Unknown perpetrators raised a pirate flag on an administrative building in St. Petersburg on Tuesday. This followed a similar symbolic assault on Sunday, when a Jolly Roger was raised on a mast of the Aurora, a historic cruiser long associated with the Russian Revolution that has been converted into a museum, and is moored on St. Petersburgs Neva River.
Responsibility for the Aurora pirate flag was claimed by two activist groups, The Peoples Share, and Food, Not Bombs. Organizers dubbed the boat invasion Remember October, or Aurora Sunday, and was meant as a protest against poverty. The name makes reference to the fact that October 17 is the International Day for the Eradication of Poverty.
The group of eight arrived at the Aurora on Sunday evening, and split into two groups. The first group, who were headed for the first mast, was stopped by museum employees. But the second group of three people managed to scale the second mast of the boat and hang the Jolly Roger flag, as well as a cloth emblazoned with slogans. In spite of rain and a cold wind, the occupiers stayed up on the mast for five hours, talking to the crowd down below and outlining demands. When they finally came down, shivering from the frigid conditions, they were immediately taken to the police station.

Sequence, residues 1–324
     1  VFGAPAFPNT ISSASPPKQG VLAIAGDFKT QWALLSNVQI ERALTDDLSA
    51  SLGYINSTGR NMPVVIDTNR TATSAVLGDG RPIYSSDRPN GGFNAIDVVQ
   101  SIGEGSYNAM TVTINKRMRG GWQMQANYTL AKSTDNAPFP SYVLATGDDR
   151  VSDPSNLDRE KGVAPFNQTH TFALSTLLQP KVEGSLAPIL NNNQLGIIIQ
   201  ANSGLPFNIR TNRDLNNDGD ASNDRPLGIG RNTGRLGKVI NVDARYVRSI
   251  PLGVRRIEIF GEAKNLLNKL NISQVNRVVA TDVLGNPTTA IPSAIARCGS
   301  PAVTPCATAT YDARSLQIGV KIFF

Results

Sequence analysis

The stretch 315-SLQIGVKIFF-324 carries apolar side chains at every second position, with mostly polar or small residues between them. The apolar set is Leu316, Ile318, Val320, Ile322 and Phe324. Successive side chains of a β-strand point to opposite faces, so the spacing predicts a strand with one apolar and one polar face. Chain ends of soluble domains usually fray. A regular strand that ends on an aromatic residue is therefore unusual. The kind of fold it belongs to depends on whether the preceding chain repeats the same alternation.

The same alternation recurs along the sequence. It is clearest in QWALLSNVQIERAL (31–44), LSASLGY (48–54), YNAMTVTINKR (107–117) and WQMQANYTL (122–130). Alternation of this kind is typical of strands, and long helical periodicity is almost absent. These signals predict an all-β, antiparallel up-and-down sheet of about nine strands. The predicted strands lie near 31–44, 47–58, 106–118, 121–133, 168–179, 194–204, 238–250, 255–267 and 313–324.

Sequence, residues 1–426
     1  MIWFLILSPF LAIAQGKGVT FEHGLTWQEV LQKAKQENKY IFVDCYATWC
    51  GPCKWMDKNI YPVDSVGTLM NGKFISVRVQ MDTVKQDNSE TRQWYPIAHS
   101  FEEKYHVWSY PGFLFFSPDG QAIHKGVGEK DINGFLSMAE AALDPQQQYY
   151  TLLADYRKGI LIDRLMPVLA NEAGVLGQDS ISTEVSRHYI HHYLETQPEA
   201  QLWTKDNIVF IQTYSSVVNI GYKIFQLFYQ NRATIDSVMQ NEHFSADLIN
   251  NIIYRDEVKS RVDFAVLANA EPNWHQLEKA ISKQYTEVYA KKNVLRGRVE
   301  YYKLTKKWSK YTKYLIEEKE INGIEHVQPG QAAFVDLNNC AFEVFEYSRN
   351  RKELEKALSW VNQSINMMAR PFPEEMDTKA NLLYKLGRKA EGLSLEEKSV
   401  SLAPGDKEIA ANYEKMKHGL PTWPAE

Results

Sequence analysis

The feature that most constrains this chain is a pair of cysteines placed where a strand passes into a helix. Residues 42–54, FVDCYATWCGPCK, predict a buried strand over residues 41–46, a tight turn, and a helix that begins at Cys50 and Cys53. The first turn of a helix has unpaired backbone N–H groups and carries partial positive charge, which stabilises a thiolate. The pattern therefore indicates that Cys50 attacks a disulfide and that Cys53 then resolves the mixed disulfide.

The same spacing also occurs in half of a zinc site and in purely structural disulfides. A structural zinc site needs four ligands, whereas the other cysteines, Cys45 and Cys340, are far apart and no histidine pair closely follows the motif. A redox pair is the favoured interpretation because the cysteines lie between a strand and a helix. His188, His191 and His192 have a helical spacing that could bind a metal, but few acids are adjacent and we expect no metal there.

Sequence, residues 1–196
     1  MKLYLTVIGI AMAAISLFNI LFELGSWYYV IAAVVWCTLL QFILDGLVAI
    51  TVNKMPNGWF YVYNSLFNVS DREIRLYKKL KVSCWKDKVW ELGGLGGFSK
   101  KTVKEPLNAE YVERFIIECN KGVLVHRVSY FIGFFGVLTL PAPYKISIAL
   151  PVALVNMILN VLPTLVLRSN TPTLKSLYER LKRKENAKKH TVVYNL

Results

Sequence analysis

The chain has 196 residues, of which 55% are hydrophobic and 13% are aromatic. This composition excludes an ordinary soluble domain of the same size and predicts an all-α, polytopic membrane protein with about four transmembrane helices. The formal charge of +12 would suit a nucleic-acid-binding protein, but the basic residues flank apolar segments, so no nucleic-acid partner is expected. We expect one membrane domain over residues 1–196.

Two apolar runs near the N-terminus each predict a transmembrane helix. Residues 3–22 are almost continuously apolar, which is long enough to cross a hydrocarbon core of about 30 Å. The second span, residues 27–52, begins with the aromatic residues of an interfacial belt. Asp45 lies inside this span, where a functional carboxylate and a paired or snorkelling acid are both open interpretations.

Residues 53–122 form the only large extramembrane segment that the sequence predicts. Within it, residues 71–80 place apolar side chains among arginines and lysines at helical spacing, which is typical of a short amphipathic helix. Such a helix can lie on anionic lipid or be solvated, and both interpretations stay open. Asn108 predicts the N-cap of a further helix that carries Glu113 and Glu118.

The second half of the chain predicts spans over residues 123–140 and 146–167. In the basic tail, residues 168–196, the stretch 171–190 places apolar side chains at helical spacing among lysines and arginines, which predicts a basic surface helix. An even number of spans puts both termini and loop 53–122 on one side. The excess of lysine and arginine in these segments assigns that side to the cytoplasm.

No group, political or otherwise, has yet claimed responsibility for the pirates flag on the administrative building. The flag, adorned with a skull and crossbones, fluttered above the office building for around three hours before being taken down by authorities.
Those behind the takeover of the Aurora presented themselves immediately, after the prank had been organized on the organizations website. The Peoples Share outfit identifies itself as anarchist. They did not consider the pirate attack a simple prank, but rather a practical beginning of political post-modernism.
So far, eight participants in the demonstration on the cruiser have been sentenced to administrative arrest or have been fined.
Read the original article in Russian
Photo - Youtube